The book’s core is provided in chapters three and four with an account of the events leading directly to Hattin, an analysis of the battle itself and the immediate consequences of the battle from both Christian and Muslim perspectives. While these chapters are detailed, examining the developments in the months leading to the fateful encounter, France moves beyond a limited discussion of military events, logistics and army compositions that might otherwise dominate such a work, to examine the wider issues affecting the causes and outcome of the conflict. It is here that the work’s strength lies. Saladin’s need to maintain his jihadist credentials to silence Muslim critics encouraged aggressive action while the political rivalries and animosities that divided the kingdom of Jerusalem in turn bred the circumstances of its defeat. Their influences upon the battle are rightly stressed as much as the specific actions and decisions of the individuals that fought it. France does not challenge prevailing view of placing the failure of the Christian forces on the shoulders of Guy de Lusignan. Guy’s lack of political willpower and command ability were highly detrimental to the Latin’s cause. As a general he failed on all levels and was outclassed by Saladin but we are reminded of the adversary circumstances in which Guy operated, and that despite his failures he did display a measure of personal bravery. France goes on to analyse the significance of the battle and its aftermath. Hattin is often seen as a decisive battle but France argues that while this would appear to be the case initially, Saladin’s failure to take control of the Palestinian coast and overcome the Third Crusade wasted the victory he had gained. Saladin had won a great battle of huge importance but not the wider conflict. This notion of wasted opportunities would continue to influence views of the battle until Saladin’s own historical legend ultimately eclipsed the very event that brought him to prominence.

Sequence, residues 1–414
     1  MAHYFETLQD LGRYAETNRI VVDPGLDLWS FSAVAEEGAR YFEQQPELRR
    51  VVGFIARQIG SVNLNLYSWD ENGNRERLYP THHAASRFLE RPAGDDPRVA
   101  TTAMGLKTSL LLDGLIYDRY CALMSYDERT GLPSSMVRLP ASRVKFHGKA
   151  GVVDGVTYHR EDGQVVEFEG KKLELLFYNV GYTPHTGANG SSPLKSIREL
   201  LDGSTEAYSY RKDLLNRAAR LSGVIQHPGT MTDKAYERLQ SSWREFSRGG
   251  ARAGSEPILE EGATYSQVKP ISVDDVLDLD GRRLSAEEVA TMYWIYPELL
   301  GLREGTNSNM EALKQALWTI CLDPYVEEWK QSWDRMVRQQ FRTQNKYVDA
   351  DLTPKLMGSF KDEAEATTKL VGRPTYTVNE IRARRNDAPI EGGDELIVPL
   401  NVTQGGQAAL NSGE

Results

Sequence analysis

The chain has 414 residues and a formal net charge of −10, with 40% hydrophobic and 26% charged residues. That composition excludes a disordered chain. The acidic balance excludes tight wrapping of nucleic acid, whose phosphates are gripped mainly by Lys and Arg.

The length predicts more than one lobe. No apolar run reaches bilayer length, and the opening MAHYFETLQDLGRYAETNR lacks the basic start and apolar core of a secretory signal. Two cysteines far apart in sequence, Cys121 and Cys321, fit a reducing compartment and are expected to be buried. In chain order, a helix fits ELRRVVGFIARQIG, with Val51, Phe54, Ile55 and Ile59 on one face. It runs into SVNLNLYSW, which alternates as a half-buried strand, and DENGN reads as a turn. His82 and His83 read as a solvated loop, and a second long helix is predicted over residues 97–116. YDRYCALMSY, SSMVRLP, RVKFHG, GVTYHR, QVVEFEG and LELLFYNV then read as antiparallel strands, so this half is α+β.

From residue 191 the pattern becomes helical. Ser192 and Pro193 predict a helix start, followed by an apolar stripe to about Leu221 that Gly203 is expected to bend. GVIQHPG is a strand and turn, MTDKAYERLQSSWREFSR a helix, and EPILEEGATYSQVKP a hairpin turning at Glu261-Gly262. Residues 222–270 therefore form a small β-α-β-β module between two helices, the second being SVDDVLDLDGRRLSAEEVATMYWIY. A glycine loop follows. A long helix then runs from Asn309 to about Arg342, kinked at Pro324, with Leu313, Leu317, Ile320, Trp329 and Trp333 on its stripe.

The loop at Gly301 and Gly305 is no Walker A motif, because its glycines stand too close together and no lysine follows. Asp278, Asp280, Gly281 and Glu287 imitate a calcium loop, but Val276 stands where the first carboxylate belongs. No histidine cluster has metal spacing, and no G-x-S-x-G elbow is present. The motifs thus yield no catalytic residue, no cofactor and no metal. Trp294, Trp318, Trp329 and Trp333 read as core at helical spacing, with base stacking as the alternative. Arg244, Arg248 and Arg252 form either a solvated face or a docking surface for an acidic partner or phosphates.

France has crafted an excellent account of a crucial medieval battle, providing considerable detail of the situation that gave rise to it and the ideologies behind it, but without becoming bogged down in any unnecessary narratives and superfluous detail. The final chapter demonstrates the importance of Hattin to our own contemporary debates of ideology and clashes of civilisations but argues the importance of studying Hattin as an event itself and placing in its correct historical context. The book is ideal for those already familiar with the crusades and the Latin East as well as those approaching the subject for the first time that want to understand one of its key events.

Stephen Donnachie
Swansea University